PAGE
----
If you’re anything like me, you’ve heard of “API.” You might even know a very general sense of what it is. But if someone asked me to explain it, I’d be stuck. And that's exactly what happened to me.
Recently I played golf with an old colleague (boss, really) in the payables industry. One way or another we ended up on the topic of integrations. His industries use older technologies such as file transfers with EDI AS2 (Electronic Data Interchange) and FTP (File Transfer Protocol). When I asked if they were moving towards API, he asked me a very simple question.
“What’s the difference, and is it better?”
I have to admit, the question stumped me. With no good answer, I went to what I knew: “It connects two systems. It’s fast and reliable.” Basically, I described the same thing that older technologies offer. Fortunately, I work with a bunch of incredible software engineers who could help me out. Here’s what I learned
What is an API?
Here’s the easy answer: an Application Program Interface. The longer answer? An API is a set of tools for creating software applications. APIs dictate how software components work with each other. Think of them as a window into a software’s programming or database, not simply a mechanism for passing data between two programs. In an “Open” API, the window is unlocked for virtually anyone to create an access key and start developing against an API’s software.
Direct access to an application’s program level in an Open API is what has created the internet and mobile device environment that we use today. Open an APP on your phone to check the weather; it instantly calls the API of some weather forecasting service and presents that data to you. API use is virtually everywhere today and a big reason why the data we want is instantaneous.
Why do you care?
Up to this point, I’ve been unable to answer this question. In my mind API was just some newer way of passing data—no better or worse than the old way. But think about the level of opportunity we have in business when all the different software we utilize are open to each other at the base program level. These APIs allow us to create our own custom business processes with the same basic technology everyone else is utilizing.
In my industry (warehouse distribution), thanks to APIs, the moment a consumer orders product online (via Amazon, eBay or Walmart.com) that order is visible to the warehouse staff. But by using the API to access those online sales channels, I can dictate which warehouse is instantly aware of it. An order placed in California goes to the west coast warehouse. An order for 5 items lands in the warehouse that has all those items in stock. Should I send this package via FedEx, UPS or Postal Service? No problem—I can ask each of those carriers for a rate and have the warehouse management system automatically select the cheapest one. How? You guessed it: API.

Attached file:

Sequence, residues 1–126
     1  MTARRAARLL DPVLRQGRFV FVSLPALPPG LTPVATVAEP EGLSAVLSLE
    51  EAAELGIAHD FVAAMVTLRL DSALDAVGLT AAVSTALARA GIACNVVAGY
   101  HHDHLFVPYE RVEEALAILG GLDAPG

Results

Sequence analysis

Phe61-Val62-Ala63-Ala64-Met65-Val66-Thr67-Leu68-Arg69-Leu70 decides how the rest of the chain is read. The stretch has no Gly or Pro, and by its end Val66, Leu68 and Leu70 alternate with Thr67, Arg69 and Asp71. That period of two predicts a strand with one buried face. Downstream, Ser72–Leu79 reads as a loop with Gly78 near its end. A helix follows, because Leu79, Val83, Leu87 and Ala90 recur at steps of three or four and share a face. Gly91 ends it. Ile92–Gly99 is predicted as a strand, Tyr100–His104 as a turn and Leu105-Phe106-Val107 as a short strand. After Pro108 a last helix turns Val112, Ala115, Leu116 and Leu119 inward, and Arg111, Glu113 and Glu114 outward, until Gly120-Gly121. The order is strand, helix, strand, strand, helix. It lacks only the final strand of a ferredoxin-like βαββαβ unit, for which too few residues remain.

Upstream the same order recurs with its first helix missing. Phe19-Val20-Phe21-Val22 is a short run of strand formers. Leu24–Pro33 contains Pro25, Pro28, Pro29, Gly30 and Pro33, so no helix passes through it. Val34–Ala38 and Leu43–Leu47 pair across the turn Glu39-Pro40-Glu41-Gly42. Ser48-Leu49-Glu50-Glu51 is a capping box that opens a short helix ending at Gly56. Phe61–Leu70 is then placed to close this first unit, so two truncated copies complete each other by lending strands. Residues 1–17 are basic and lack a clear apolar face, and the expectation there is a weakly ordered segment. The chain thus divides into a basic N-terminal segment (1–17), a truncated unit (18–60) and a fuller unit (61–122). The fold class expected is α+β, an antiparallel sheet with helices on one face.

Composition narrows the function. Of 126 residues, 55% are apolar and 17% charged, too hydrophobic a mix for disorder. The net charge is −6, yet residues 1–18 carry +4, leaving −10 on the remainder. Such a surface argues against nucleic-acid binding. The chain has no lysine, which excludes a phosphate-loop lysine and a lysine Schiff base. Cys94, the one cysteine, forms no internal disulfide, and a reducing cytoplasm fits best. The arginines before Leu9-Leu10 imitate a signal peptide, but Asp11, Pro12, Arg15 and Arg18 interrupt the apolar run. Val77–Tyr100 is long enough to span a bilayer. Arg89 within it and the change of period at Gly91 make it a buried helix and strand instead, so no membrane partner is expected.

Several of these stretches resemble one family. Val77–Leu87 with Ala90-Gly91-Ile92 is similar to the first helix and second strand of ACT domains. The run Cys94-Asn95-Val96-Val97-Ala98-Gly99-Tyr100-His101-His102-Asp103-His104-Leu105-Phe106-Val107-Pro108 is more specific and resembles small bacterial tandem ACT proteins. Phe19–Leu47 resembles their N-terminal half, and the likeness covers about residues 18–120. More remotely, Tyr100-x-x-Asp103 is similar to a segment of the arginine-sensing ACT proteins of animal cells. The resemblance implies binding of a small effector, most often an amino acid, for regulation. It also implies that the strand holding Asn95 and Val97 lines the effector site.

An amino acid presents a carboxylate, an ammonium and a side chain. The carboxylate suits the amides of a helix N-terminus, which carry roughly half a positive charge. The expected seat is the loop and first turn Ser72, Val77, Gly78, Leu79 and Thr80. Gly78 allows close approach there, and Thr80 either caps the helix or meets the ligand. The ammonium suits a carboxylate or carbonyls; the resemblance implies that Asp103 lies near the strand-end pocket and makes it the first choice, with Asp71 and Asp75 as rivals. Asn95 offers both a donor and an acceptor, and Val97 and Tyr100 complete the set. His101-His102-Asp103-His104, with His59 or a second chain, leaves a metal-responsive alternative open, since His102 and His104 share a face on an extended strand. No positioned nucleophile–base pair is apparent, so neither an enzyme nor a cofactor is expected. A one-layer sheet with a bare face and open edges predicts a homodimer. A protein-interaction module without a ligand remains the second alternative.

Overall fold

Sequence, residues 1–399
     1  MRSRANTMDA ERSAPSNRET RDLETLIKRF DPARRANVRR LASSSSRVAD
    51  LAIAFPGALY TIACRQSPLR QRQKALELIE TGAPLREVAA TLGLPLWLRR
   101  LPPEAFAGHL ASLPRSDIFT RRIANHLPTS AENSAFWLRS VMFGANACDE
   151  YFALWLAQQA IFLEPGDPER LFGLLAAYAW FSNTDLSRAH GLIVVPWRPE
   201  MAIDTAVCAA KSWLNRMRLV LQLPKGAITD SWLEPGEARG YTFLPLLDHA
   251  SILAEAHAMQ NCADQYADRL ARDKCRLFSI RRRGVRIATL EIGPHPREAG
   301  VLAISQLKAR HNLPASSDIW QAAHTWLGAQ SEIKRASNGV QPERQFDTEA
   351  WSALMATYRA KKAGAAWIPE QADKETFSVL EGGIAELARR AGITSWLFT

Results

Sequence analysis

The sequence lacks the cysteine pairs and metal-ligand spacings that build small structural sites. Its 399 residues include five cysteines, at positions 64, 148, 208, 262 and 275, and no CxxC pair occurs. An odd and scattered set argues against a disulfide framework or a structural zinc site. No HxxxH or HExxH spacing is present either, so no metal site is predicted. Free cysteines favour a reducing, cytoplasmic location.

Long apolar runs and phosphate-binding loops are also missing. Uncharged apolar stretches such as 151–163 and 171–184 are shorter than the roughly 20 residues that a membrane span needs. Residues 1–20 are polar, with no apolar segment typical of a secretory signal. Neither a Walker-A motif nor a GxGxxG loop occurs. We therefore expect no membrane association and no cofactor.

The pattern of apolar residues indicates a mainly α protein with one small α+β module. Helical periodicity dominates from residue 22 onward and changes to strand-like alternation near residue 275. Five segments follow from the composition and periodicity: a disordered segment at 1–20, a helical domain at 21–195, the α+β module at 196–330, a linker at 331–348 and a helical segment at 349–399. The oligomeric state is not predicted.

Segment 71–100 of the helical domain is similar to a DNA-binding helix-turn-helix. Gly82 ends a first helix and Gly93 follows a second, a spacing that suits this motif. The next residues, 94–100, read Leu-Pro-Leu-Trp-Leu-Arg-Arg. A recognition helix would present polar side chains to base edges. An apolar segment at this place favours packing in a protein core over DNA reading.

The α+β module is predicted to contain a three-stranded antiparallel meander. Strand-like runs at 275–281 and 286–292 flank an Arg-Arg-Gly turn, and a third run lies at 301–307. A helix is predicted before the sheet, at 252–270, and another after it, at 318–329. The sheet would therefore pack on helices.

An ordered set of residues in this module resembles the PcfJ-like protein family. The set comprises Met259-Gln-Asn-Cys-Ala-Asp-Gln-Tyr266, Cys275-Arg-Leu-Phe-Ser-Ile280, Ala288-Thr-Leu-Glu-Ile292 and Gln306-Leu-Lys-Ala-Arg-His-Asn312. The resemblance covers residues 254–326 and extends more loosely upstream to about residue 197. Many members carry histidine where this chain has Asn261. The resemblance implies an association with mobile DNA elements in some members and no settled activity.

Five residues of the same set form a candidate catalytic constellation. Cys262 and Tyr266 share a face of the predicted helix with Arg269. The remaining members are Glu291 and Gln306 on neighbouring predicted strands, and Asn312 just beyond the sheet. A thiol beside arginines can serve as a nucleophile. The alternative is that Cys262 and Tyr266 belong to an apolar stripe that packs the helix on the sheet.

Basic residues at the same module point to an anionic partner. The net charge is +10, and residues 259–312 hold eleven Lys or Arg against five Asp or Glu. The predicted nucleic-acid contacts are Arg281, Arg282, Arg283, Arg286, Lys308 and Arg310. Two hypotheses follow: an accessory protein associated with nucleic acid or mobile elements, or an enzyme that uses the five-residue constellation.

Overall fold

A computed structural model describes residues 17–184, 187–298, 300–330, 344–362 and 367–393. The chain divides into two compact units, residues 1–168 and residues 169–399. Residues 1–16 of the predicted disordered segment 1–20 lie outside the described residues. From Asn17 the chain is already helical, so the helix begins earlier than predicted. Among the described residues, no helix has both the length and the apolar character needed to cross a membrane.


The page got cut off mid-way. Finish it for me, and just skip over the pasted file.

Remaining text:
All these steps happen in a blink of an eye. I can now customize my business operations by connecting the software I use to run a warehouse with the software I use to sell and ship a product thanks to APIs.
What can I do with an API?
Think about your business and all the different technologies you’re utilizing—accounting, inventory, sales or CRM, production software, an online store, or a website. It doesn’t matter what type of business you’re running; there’s generally a good case for using APIs to keep all the different parts of your business in sync.
Here are 6 things an API makes possible for an eCommerce, Wholesale or 3rd Party Logistics company:
- SKU Consistency - Maintain SKU consistency across all platforms - One system feeds all the others.
- Sync Inventory - Your inventory management software tells all the other software how much stock remains.
- Shop Parcel Rates - Feed projected order information to many carriers and bring forward all the options into one place; automatically choose a carrier or service based on lowest fare, service type, or delivery windows.
- Customize Reporting - Pull all data from different technologies into a single report or data analytics tool.
- Real-time Financials - Instantly feed receipts, orders, shipments and adjustments to your accounting software. Turn a 3-week monthly close cycle into 3 days.
- Sales and Purchase Orders - As a 3PL, getting these two critical pieces of data from your customers to the warehouse can be time-consuming and expensive. Using APIs makes it instant, consistent and affordable.
My eyes are now wide open to the advantages an API can bring. An API definitely isn’t necessary in every business, but knowing what’s possible certainly helps make decisions when selecting software. Can I envision needing an API in the future, and do my current technologies offer it?
APIs are virtually limitless. These are just a few of the advantages to help give you an idea of the impact APIs can have on your business.